Trembling with blazing colours, Au Cirque Médrano conveys the happy haziness of a vivid memory. Painted around 1950, the painting revives a subject that had first concerned Van Dongen around 1905-1907, as he set out to portray one of the most prominent and fascinating circuses in Paris in a series of works. The Cirque Medrano, at first named Cirque Fernando, was situated at the core of Montmartre, a neighbourhood at the edge of Paris already renown for its music-hall, lascivious bars and bohemian characters. The small scale of the Cirque Medrano allowed for an atmosphere of intimacy between spectators and performers, which encouraged many avant-garde artists to portray its people and scenes: like Van Dongen, Edgar Degas, Henri de Toulouse-Lautrec and George Seurat were also enticed to capture the fleeting spectacle of this magical and beloved flamboyant world.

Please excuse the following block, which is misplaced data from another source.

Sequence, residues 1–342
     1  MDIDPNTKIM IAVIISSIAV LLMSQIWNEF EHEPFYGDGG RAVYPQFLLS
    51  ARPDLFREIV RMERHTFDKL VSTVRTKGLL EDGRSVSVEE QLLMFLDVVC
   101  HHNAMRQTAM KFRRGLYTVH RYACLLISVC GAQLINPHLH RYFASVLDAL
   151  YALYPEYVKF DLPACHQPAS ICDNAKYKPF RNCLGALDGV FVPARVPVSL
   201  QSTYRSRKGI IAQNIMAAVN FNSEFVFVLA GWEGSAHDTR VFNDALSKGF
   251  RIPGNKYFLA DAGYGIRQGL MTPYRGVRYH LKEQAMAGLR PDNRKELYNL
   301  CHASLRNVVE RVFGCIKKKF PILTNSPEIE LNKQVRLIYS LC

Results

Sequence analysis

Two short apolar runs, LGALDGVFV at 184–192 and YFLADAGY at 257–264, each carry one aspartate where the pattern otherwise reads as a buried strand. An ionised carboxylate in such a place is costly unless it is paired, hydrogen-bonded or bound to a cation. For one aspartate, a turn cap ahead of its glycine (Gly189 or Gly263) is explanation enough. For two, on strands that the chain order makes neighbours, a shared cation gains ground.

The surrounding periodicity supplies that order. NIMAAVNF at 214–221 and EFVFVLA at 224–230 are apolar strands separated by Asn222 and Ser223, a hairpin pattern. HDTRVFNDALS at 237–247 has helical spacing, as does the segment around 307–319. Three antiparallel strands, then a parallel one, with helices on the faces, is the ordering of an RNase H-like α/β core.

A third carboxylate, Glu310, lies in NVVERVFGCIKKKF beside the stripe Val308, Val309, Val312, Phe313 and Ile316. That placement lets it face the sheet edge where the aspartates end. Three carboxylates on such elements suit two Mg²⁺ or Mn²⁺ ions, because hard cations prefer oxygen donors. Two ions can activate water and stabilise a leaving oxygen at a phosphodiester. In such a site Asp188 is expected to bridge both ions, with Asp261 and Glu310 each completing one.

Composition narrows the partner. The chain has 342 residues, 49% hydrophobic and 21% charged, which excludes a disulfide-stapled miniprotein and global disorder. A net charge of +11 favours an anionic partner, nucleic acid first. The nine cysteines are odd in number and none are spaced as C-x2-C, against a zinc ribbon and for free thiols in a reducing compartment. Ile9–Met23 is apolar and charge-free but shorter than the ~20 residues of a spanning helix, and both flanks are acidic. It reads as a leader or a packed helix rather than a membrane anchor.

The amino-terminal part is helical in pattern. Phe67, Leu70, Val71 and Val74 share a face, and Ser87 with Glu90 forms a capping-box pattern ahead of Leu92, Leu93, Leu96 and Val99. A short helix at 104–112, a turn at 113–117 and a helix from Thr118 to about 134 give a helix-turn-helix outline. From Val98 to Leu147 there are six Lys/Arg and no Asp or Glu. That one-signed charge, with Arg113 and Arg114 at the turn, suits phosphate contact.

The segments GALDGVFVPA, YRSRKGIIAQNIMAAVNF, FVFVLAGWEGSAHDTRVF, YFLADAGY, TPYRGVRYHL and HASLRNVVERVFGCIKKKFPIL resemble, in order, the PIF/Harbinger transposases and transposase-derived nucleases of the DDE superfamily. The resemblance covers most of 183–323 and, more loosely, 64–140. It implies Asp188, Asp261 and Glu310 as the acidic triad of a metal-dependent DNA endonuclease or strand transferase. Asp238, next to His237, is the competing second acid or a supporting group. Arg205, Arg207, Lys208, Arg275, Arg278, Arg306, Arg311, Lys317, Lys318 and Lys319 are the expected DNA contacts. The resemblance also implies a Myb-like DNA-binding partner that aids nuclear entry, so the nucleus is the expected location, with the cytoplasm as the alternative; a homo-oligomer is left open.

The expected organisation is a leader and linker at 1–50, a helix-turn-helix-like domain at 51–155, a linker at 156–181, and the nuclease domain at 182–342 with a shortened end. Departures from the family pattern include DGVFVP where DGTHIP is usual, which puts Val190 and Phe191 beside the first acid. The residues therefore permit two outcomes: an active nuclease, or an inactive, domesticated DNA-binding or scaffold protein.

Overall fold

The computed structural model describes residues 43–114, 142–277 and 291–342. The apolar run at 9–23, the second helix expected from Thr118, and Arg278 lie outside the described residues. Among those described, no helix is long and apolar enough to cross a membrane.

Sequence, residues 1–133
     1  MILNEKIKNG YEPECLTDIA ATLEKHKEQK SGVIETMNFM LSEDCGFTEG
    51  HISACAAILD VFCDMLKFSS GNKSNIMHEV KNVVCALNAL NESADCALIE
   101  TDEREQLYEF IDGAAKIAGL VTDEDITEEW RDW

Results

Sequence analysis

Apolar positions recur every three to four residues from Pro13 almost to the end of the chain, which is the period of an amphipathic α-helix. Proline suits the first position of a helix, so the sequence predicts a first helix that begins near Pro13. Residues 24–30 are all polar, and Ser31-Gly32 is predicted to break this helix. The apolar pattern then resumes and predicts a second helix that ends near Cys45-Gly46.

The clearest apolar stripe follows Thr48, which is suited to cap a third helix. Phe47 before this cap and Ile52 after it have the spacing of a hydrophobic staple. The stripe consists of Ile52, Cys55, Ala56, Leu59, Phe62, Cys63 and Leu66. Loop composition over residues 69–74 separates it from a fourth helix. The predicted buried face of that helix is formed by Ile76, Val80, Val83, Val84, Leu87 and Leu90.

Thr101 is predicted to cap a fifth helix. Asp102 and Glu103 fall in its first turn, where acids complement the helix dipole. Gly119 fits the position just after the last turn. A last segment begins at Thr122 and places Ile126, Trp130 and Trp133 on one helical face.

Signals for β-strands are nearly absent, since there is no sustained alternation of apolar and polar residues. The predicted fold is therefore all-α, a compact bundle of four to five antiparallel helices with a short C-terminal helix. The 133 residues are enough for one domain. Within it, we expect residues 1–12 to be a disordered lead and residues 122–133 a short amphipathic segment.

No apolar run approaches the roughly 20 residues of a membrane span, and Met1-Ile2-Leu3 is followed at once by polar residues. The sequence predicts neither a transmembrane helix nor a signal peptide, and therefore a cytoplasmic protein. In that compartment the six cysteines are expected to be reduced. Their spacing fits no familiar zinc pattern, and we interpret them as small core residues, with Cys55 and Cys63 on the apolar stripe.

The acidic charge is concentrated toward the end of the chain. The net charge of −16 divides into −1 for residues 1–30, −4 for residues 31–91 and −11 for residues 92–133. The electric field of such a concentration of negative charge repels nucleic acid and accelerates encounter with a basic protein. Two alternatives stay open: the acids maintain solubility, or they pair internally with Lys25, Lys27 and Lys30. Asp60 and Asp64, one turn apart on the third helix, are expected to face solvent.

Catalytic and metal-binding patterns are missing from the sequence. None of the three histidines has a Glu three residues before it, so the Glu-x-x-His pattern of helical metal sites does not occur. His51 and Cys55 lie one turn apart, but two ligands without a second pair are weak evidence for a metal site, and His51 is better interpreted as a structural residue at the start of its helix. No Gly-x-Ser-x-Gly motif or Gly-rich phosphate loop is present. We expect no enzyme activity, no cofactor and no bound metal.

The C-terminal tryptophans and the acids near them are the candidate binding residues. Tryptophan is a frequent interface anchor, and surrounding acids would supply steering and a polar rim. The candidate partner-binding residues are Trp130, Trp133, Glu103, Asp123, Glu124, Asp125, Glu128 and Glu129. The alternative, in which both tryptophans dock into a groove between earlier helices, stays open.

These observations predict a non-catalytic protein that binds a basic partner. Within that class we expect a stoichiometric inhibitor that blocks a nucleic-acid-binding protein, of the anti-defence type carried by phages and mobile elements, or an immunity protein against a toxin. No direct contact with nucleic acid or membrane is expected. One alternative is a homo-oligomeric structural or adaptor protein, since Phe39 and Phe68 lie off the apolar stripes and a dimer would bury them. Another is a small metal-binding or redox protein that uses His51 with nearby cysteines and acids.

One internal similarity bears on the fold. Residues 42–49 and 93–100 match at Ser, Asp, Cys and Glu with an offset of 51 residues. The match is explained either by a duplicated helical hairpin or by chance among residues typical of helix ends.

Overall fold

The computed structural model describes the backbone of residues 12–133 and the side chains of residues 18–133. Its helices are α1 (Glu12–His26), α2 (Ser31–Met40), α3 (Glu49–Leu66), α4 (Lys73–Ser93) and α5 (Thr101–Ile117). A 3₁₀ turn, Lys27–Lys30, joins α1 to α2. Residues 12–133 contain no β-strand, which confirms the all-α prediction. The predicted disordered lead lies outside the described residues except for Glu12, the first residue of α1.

Depicting an acrobat performing upon a horse at the centre of the arena, the painting captures the audience's excitement through a series of quick, colourful brushstrokes, focussing its attention on the performer through an intense red shadow, which embraces the girl's body, augmenting the suspense of the action. In its composition, Au Cirque Médrano is very close to an oil sketch Van Dongen executed around 1905-07, representing a similar subject: returning to the subject almost fifty years later, Van Dongen seems to have filled the gap of that first work with the enthusiastic colours and glittering atmosphere of his memories, embedding into the painting the charm of a nostalgic souvenir.
This work will be included in the forthcoming Kees van Dongen catalogue critique of paintings and drawings being prepared by Jacques Chalom Des Cordes under the sponsorship of the Wildenstein Institute.